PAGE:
Developing a clean-bus fleet
Suceava’s goal was to create a modern, efficient, reliable public transport fleet, capable of meeting the needs of existing passengers and attracting new customers.
Implementing sustainable mobility
In a medium-sized city such as Suceava, the existing road infrastructure is unable to cope with the rise in car ownership and the higher mobility demands created by local economic development, falling unemployment and increased levels of disposable income. Lack of space in the city centre therefore results in congestion and related traffic problems. An outdated public transport fleet, comprising buses that did not conform to any Euro emissions standards, was compounding the air quality problems, and the number of people using public transport in Suceava was relatively low.
The measure was designed to attract more people to use public transport and to reduce harmful emissions by modernising the bus fleet to run on alternative fuels. The aim was to ensure that the entire public transport fleet conforms to Euro 3 emissions standards, that at least 40 percent of buses are fuelled with liquefied petroleum gas (LPG), and that 20 percent of the public transport company’s minibuses are equipped with filter particulate trap (FPT) systems.
The concept of eco-routes was also introduced, referring to an area within which the level of noise and emissions from public trasnsport is considerably reduced in order to improve quality of life for all inhabitants.
The activities implemented in Suceava towards creating a sustainable transport service were based on the experiences of other cities and regions across Europe that have well-developed traffic systems.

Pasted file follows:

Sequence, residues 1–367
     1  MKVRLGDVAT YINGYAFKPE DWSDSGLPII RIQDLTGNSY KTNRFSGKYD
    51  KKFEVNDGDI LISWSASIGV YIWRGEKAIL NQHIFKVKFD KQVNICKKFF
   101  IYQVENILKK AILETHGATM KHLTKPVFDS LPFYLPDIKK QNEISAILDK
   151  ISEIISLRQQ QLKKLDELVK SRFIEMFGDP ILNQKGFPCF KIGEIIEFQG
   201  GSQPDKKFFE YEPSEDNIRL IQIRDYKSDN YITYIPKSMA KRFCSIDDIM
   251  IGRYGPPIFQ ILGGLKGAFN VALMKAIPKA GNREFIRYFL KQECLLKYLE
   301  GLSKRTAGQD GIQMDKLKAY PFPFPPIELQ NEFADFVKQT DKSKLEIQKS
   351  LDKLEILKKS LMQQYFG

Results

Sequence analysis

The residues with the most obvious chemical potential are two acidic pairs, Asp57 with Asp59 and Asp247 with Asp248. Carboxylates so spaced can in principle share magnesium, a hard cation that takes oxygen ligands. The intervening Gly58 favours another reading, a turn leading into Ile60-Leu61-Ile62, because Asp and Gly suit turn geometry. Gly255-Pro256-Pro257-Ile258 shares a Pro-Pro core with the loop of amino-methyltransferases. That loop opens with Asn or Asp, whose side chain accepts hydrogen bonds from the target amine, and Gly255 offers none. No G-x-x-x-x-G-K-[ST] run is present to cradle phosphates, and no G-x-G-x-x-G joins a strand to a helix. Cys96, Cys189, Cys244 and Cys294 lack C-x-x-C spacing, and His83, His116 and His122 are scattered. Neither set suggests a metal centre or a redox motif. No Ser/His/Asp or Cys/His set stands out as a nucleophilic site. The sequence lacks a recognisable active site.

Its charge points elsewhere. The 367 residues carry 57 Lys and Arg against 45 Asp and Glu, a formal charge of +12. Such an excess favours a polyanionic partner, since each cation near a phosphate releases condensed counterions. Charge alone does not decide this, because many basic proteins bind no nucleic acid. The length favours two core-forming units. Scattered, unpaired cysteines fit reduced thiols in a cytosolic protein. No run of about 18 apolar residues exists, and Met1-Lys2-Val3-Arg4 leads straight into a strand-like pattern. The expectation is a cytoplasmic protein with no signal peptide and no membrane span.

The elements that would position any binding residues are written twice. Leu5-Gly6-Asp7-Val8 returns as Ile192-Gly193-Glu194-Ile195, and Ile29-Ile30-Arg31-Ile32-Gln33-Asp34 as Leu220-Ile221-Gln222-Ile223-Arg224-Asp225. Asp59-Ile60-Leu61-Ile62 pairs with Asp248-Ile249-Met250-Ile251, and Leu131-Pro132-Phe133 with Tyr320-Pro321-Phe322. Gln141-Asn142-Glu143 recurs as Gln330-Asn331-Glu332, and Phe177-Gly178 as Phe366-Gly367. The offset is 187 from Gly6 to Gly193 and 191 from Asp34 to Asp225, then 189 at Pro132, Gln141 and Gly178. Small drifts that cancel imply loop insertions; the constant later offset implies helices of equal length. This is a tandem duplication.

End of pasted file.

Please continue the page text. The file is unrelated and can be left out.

The city’s public transport fleet was modernised through the purchase of 30 new IRISBUS IVECO buses, running according to an updated timetable on eight new routes from which all old buses were removed. A total of 15 buses were converted to use LPG, one of them equipped with a conversion system produced on the Romanian market, for the purposes of promotion. The LPG buses were marked with stickers and the routes designated as eco-routes were indicated with clear signposting. Bus drivers received training on eco-driving and good customer service. Secondary, narrower routes were identified and subcontracted to a private company operating minibuses. The refurbished bus fleet was promoted via a wide range of publicity activities.
- The modernisation of the urban public transport led to a rise in passenger numbers of 757 percent.
- Some 82 percent of interviewees were aware of the alternative fleet and alternative fuel.
- As a result of fleet renewal and the conversion of half the fleet to LPG rather than diesel, emissions of pollutants fell: carbon dioxide by 11 percent/year; carbon monoxide by 3 percent/year; nitrogen oxides by 15 percent/year; and particulates by 49 percent/year.
- Energy consumption for the new LPG buses improved compared to the new diesel buses.
- Conditions were created for the development of the alternative fuel market and for setting up biogas facilities.